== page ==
We are temporarily closed. Sign up to our emails for updates.
Willem van der Vliet has placed his sitter, Suitbertus Purmerent, in a heavy chair against a plain dark background, with heavy books on the table; one is held slightly open by the weight of a large crucifix. There’s the suggestion of a smile in Purmerent’s eyes and around his mouth (almost hidden under the luxuriant beard and moustache). The crucifix suggests he is a Catholic and his long black gown and the biretta, the black hat in his right hand, suggest that he is a priest.
The identification is confirmed by another portrait of him by the artist’s nephew, Hendrik Cornelisz. van der Vliet (now in the Bagijnhof, Delft). Willem’s portrait was probably painted to mark Purmerent’s appointment as archpriest of Delfland in February 1631. The Dutch Republic was a Protestant country, which meant that only Protestants could hold positions of power, but the Catholic faith was tolerated as long as it was practiced in private and places of worship preferably largely hidden from view.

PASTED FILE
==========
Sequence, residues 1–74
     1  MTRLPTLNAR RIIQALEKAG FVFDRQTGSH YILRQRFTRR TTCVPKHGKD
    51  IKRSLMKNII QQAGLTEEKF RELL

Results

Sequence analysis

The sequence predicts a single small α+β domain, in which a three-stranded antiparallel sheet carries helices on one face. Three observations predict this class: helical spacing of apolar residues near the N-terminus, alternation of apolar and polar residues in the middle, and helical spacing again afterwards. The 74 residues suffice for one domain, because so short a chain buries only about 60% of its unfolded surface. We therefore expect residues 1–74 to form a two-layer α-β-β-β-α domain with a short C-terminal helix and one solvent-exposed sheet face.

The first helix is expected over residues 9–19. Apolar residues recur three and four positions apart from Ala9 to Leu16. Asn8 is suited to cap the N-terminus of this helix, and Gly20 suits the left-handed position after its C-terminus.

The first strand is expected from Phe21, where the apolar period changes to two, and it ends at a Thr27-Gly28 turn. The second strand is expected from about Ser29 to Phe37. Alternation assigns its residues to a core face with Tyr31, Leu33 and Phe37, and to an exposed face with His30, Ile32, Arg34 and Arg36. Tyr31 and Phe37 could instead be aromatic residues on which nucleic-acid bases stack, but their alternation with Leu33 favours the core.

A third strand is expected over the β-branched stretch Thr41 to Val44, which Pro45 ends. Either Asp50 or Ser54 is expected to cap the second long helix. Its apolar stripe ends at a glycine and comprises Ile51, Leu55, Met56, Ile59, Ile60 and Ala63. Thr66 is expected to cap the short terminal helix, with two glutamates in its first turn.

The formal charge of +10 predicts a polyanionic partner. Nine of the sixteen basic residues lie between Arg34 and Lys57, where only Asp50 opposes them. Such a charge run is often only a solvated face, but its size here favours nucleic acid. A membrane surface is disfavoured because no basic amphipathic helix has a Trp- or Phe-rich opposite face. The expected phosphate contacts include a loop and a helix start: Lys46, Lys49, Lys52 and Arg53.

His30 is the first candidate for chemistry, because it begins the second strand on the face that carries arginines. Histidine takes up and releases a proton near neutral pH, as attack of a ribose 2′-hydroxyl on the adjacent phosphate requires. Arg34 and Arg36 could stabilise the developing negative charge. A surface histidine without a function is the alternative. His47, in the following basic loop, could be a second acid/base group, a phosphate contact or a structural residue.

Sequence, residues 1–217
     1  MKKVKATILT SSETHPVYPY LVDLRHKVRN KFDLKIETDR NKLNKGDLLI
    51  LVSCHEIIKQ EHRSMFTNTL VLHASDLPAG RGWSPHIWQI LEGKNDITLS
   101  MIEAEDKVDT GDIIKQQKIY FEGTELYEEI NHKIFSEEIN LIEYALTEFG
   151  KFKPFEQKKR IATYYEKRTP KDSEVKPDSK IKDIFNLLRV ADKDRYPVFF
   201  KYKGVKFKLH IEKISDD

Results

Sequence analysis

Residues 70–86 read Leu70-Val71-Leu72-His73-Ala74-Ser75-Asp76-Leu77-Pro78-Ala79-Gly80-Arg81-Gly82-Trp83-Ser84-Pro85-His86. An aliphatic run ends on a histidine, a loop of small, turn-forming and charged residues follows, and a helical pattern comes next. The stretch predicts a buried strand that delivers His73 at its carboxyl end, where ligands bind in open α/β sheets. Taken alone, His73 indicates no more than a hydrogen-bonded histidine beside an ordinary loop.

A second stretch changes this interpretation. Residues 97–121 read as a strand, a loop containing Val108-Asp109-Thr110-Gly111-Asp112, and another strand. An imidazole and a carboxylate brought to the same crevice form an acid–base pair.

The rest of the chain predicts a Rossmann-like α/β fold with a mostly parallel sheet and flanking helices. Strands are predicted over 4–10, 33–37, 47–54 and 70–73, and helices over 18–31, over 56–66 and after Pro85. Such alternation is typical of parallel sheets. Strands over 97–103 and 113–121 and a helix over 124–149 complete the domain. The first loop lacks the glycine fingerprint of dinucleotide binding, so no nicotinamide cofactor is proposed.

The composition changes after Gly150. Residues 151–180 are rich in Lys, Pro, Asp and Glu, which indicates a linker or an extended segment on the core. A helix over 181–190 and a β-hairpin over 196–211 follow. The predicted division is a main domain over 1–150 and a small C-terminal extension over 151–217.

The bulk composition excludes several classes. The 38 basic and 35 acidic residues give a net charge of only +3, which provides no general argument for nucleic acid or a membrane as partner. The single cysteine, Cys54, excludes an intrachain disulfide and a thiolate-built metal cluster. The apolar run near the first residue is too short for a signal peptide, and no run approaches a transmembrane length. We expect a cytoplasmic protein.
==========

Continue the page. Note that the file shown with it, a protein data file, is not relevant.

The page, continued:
Download a low-resolution copy of this image for personal use.
License and download a high-resolution image for reproductions up to A3 size from the National Gallery Picture Library.
This image is licensed for non-commercial use under a Creative Commons agreement.
Examples of non-commercial use are:
The image file is 800 pixels on the longest side.
As a charity, we depend upon the generosity of individuals to ensure the collection continues to engage and inspire. Help keep us free by making a donation today.
You must agree to the Creative Commons terms and conditions to download this image.